Certainly, we can leave anytime. For some, it seems easy to walk away as soon as things get difficult, when we don’t see eye to eye. For some, it’s too easy to be disappointed because we’ve expected that what’s been lost in our lives will now be found, and that our wounds will be healed. And they will be, just not as quickly as we’d like!

So if our intention is to grow beyond old responses and littleness, community is a good experience. The challenges will quiet down, but they’ll never end. Like people, communities change. They’re organic. That’s the only way we know they’re alive and vital.

In fact, the most useful communities are those that not only encourage and inspire us, but push our personal buttons, asking us to look at ourselves as part of the process. Maybe we think that by going someplace else we’ll be happier, that another group will have a higher vibe. But all communities we join with will have one thing in common…us! And as Ram Dass said…Wherever we go, there we are. So we might as well stay and work on what comes up.

This doesn’t mean we have to stay put no matter what. We need to follow our beliefs where they lead us. But while we’re in the room we commit to being conscious of old tapes and agendas. We acknowledge what makes us uncomfortable and do the work to heal those places. And we allow others their process, too. After all, isn’t being gracious exactly what we want from them?

Along the way, we might ask ourselves how much we might have contributed to any difficulty. We might hold a vision of what/where/who we want to be and keep re-orienting selves to that. We might make a conscious effort to stay and be part of the group before moving on, assuming, of course, that the spiritual conversation is one that touches us.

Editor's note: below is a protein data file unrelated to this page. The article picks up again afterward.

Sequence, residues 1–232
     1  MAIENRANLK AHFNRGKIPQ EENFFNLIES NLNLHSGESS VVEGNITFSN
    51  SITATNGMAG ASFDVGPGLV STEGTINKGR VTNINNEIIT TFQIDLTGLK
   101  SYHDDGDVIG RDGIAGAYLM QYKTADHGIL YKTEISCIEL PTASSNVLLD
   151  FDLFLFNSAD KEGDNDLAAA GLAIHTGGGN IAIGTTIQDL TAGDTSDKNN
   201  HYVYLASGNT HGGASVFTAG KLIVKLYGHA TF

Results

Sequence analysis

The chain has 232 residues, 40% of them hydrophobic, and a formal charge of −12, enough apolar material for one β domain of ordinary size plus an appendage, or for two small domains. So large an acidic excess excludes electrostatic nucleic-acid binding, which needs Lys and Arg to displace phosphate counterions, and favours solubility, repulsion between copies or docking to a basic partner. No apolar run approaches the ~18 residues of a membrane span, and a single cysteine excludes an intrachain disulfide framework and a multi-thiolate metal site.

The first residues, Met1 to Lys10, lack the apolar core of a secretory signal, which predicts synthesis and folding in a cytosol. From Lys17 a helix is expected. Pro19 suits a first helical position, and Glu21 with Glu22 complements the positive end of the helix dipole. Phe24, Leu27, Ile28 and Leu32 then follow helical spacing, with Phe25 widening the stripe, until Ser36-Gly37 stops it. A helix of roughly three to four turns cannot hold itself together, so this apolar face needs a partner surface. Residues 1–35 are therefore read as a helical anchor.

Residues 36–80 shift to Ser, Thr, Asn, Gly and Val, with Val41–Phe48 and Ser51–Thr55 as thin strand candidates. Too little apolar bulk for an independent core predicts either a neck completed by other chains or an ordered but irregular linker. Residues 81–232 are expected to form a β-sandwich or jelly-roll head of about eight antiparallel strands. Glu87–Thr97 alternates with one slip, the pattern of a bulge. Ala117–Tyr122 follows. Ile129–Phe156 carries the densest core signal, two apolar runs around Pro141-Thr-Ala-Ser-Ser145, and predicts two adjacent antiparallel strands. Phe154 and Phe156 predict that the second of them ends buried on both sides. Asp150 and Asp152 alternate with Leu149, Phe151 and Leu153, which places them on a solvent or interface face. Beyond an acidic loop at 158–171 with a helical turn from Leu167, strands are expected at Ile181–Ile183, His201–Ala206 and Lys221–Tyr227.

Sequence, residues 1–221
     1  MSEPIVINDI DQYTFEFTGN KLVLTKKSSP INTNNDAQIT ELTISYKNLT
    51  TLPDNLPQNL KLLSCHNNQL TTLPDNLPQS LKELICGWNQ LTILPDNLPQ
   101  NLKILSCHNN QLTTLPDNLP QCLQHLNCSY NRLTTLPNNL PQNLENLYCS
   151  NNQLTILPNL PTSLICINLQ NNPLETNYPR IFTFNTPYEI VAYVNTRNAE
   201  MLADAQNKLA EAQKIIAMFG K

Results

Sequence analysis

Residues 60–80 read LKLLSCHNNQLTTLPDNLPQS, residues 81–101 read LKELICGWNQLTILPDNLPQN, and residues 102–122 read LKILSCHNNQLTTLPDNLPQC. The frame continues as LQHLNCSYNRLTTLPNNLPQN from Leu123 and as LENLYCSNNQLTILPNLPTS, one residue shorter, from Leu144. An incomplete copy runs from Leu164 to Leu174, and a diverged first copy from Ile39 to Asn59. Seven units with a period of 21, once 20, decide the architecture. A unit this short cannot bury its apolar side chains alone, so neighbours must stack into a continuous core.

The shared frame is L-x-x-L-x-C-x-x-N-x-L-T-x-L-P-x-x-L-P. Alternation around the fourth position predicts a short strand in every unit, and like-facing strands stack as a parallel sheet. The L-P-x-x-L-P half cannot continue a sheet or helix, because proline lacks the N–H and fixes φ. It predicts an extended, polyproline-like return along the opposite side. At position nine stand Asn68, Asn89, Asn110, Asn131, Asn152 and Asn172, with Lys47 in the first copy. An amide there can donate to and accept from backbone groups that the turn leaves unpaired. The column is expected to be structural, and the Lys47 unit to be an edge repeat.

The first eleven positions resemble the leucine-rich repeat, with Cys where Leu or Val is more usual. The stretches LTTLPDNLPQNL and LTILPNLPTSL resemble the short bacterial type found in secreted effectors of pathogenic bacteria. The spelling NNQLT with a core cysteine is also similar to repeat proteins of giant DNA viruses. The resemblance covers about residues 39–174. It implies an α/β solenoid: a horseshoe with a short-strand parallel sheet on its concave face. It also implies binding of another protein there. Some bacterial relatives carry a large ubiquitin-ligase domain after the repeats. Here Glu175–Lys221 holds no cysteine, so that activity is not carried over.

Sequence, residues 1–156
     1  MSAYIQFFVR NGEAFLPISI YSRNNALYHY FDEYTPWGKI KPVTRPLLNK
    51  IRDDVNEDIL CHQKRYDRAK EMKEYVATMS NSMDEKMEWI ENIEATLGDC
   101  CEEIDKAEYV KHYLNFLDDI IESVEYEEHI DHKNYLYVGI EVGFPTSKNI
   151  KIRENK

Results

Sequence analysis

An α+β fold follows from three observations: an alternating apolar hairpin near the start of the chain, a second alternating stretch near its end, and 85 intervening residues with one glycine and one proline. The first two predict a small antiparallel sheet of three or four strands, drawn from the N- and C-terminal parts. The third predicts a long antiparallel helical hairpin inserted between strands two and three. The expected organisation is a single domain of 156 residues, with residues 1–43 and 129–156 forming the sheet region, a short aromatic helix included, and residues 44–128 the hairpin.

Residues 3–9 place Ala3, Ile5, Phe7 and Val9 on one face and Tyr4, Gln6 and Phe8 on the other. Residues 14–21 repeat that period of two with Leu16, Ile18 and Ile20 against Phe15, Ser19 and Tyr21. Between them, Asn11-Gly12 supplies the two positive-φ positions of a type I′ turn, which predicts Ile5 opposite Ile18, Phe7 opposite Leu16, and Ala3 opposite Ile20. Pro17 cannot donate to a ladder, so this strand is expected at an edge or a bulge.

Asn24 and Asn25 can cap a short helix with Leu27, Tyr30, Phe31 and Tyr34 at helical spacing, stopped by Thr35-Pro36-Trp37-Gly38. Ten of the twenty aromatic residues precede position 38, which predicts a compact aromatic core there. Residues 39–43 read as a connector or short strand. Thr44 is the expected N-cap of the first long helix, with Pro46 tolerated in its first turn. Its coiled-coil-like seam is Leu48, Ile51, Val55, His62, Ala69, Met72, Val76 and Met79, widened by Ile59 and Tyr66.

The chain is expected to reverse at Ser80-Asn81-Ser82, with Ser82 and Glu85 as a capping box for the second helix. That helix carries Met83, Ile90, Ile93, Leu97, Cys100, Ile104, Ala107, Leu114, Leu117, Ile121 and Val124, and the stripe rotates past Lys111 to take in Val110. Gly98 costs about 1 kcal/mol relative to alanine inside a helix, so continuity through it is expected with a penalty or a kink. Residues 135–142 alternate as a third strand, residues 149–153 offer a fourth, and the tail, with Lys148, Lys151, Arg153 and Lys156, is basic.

And we might have the reasonable communal expectation that others, too, will reach for heights of behavior greater than they can currently grasp. That everyone who gathers will agree to see the community not as a tool for ego expression, or meeting old needs, or taking out frustrations, or creating marketing opportunities—but as a place to experience the vitality of sharing lives, gifts and passions as cradles for growth and change.

Because we’re all on a spiritual path, moving toward a clearer sense of ourselves as an essentially spiritual being. And not only do we reveal ourselves through time, we become ourSelves through time.

It is a foundational spiritual and psychological truth that we grow in relationship, and through relationship. Being in community is one of the most challenging of relationships. Especially in a spiritual community, where we balance between expecting people’s best and most honorable in the moment—and committing to stay open to the everyday people that walk this way with us in all our glorious messiness. If we’re seeking the Divine Countenance, it’s right here among us where it’s always been and will always be.

AND, in a spiritual community, what’s important is that (1) we enter with acceptance of the human condition; (2) we come from the highest place in us that we can access in any moment; (3) we reach beyond farther; and (4) in the process we grow, we open, we learn, we Love, we stand up, and we walk into the future…together.

Because in every way, on every level, we do our best work… together.